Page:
Bitcoin growing out of fertile soil

Bitcoin Is Not “Crypto”; It Is Far Better

By Divine Micah

Tl;dr Summary

Bitcoin is a ground-breaking invention that enables peer-to-peer value exchange without needing a bank or other third party. Thousands of other blockchain-based currencies and tokens (popularly known as “altcoins”) are on the market, but none of them have the fundamentals and value of Bitcoin. The word “cryptocurrency” has undergone a semantic change whereby “crypto,” the shortened version of the word, is now used to reference altcoins. Bitcoin is the only decentralized monetary network. It represents freedom, while other currencies are decentralized in name only (DINO).

Bitcoin in computer

As of June 2022, there are over 10,000 digital coins. But none of them are like Bitcoin, the fledgling digital asset created by Satoshi Nakamoto in 2008. Nakamoto (a pseudonym for the anonymous founder(s) who invented the asset and walked away unknown) developed Bitcoin as an alternative to central banking. It was intended to be a decentralized, peer-to-peer network with a distributed ledger hosted on the blockchain. The purpose of Bitcoin is to automate the functions of central banks and make them immutable using programming code among hundreds of thousands of computers globally. Bitcoin was envisioned to become a store of value, which many people describe as digital gold (having all the good attributes of the precious metal but none of the drawbacks, such as being hard to transport over time and space). Bitcoin was never intended to be an avenue for making money. Bitcoin is money—a hard currency that is resistant to inflation and confiscation.

A faction of enthusiasts argues that Bitcoin is not crypto because it was founded on principles and values of integrity to be the world’s first digital solution to the challenge of money. Early and die-hard Bitcoin supporters (maximalists) believe that the newer digital currencies, and most likely all other digital currencies, are tech startups selling unregistered securities. One primary reason for this line of thought is that altcoins are centralized, going against the principles of why Bitcoin was invented in the first place.

Here’s why we believe that the term “Bitcoin” should not be used interchangeably with “crypto”:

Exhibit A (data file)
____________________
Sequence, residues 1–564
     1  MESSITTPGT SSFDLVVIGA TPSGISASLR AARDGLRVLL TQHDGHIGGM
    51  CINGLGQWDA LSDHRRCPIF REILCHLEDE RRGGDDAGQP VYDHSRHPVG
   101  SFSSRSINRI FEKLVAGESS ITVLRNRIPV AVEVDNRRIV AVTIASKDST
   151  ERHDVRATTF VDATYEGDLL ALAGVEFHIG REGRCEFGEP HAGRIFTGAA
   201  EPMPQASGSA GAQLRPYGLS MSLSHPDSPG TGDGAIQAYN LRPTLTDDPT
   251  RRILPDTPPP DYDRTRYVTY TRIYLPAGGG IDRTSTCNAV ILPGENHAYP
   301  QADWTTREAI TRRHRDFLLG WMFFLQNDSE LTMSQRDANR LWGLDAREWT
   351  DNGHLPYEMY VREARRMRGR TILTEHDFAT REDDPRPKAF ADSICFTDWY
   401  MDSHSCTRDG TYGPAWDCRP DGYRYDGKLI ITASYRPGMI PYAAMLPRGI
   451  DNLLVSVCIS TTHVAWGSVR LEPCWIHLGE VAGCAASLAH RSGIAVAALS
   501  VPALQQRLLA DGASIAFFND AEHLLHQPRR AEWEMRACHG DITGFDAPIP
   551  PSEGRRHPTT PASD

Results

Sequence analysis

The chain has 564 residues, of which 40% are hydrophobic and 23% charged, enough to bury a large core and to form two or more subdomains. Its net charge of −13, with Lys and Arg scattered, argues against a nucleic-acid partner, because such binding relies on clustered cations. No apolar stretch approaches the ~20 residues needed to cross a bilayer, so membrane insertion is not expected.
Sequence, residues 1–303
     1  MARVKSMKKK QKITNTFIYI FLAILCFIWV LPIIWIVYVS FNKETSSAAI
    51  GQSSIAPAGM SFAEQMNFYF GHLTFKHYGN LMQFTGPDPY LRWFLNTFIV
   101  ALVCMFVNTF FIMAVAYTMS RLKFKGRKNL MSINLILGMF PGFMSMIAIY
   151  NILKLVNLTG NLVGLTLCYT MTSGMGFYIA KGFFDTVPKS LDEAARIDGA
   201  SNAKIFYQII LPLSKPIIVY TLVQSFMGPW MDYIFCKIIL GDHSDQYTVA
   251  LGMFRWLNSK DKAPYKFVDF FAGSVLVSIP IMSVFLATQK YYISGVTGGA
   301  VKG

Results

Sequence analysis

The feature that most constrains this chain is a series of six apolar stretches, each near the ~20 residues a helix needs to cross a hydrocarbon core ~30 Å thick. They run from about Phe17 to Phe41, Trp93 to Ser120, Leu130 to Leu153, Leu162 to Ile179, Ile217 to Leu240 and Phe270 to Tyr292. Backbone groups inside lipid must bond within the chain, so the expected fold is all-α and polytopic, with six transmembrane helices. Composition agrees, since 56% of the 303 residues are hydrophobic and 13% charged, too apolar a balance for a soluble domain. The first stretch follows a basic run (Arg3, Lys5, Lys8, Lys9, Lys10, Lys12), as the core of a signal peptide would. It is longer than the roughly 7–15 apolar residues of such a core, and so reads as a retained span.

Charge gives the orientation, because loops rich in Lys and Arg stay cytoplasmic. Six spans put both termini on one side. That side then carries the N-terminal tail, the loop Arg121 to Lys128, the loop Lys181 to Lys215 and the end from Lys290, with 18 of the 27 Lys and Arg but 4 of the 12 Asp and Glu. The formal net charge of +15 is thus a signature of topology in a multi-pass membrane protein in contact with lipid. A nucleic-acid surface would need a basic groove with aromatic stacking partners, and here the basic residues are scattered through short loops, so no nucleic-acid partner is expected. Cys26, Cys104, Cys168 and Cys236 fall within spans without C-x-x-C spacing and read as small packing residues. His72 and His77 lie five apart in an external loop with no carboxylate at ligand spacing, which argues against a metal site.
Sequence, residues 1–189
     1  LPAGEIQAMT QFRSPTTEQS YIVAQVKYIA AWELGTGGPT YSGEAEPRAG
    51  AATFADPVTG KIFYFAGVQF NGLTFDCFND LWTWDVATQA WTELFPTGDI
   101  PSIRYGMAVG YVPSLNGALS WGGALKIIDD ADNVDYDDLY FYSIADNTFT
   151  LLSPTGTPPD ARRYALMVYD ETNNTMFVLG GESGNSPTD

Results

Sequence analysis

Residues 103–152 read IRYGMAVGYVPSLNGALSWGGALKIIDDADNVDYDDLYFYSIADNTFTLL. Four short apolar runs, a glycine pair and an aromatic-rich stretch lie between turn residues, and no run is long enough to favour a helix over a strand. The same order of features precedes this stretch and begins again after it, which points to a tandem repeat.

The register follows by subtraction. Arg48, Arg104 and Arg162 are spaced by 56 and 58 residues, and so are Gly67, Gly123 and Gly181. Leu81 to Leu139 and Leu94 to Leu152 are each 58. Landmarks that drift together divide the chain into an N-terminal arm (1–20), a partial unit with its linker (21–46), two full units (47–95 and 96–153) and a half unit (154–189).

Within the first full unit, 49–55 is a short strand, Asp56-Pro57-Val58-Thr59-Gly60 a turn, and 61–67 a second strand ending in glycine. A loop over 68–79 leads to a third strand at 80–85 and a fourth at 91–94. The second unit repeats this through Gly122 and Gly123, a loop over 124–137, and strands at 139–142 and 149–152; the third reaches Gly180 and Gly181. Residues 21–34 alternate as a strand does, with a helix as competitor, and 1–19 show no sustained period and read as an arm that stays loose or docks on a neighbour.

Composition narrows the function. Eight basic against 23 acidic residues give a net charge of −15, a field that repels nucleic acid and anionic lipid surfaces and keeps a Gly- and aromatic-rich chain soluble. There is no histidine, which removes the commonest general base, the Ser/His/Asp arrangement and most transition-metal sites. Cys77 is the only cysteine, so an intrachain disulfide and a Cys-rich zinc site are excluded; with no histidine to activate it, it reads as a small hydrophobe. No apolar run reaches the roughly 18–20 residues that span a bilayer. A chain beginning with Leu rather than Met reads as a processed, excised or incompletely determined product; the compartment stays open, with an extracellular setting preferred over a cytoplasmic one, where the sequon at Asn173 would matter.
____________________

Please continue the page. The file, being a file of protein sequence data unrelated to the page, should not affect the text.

Bitcoin is an upgrade to print currency.

Bitcoin brings physical cash’s features, excluding government control, to the digital space. It is solely a medium of exchange and a store of value, just like the US dollar and the British pound sterling, minus the reckless hyperinflation. The digital asset does not need any other utility to stay relevant, and that’s why it has been nicknamed “digital gold.”

Bitcoin is the only decentralized digital currency on the planet.

Bitcoin is decentralized in figurehead influence, governance, development control, and network accessibility. On the other hand, altcoins are primarily decentralized in name only. With the liquidations and failures of even some of the “top” crypto coins, the most recent ones being TerraUSD and LUNA from Terra, it has never been clearer why decentralization is the ideal option. No one can inflate the supply of Bitcoin. No one can stop its transactions to prevent a bank/money run. No one can edit its transaction history. Bitcoin was designed to be entirely free from central governance or individual control. The community solely manages the Bitcoin network.

The Bitcoin blockchain runs on a proof-of-work (PoW) consensus mechanism. Being PoW-powered means that the decentralization of the blockchain is measured by the size of its cumulative hash rate (computing power used by the network) and the number of entities it is divided among (mining pools). The higher the hash rate, the harder a network or blockchain is to disrupt. In the same way, a network is more distributed and decentralized when there are more nodes (mining computers) on it. Bitcoin has a peak hash rate of 230 exahashes (230 quintillion hashes) per second, with over 15,000 nodes distributed worldwide. For context, Ethereum, the number two digital currency, has fewer than 50% of Bitcoin’s nodes, with its top three mining pools controlled by 60% of its hash rate. Following this, 60% of Ethereum’s governance capacity is wielded by only three mining pools/corporations, resulting in less decentralization.

The Bitcoin creator’s anonymity and lack of figurehead influence are its strengths, not its weaknesses.

Satoshi Nakamoto left no trace of who he was before leaving the community. With other digital currencies, anonymity would equal fraud and be associated with rug pulls and other schemes designed to separate people from their money. However, Bitcoin doesn’t experience similar threats or challenges because it doesn’t promise anyone a product, service, or return on investment. Bitcoin thrives on trust and a community of voluntary users and has kept true to delivering on its promise of decentralization.

The word “cryptocurrency” has undergone a semantic change.

The word “cryptocurrency” was initially used to describe a digital currency that enables trustless transactions on a completely decentralized peer-to-peer network using distributed ledger technology. Recently, digital currencies have forgone the essential feature of being decentralized, clung to being built only on the blockchain, and yet retained the name “cryptocurrencies.” A distinction must be made between Bitcoin, which has remained true to the fundamental characteristics of cryptocurrencies, and altcoins, which have traded decentralization for speed and other non-original features. Cryptocurrencies, as we know, are now built like tech startups. Bitcoin begs to differ. Satoshi Nakamoto created an immutable, transparent, and publicly run monetary network with Bitcoin.

We don’t need to know what box to put Bitcoin in, but we know that it should not be reduced to what “crypto” has become.

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